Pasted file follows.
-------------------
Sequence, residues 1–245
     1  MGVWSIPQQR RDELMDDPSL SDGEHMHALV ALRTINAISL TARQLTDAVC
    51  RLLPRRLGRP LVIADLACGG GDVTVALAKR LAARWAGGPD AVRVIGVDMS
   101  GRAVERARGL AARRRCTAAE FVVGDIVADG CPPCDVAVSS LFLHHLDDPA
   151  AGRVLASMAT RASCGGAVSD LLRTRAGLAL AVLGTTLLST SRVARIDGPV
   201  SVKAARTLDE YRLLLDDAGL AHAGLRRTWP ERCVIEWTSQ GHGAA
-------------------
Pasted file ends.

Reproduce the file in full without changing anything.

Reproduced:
Sequence, residues 1–245
     1  MGVWSIPQQR RDELMDDPSL SDGEHMHALV ALRTINAISL TARQLTDAVC
    51  RLLPRRLGRP LVIADLACGG GDVTVALAKR LAARWAGGPD AVRVIGVDMS
   101  GRAVERARGL AARRRCTAAE FVVGDIVADG CPPCDVAVSS LFLHHLDDPA
   151  AGRVLASMAT RASCGGAVSD LLRTRAGLAL AVLGTTLLST SRVARIDGPV
   201  SVKAARTLDE YRLLLDDAGL AHAGLRRTWP ERCVIEWTSQ GHGAA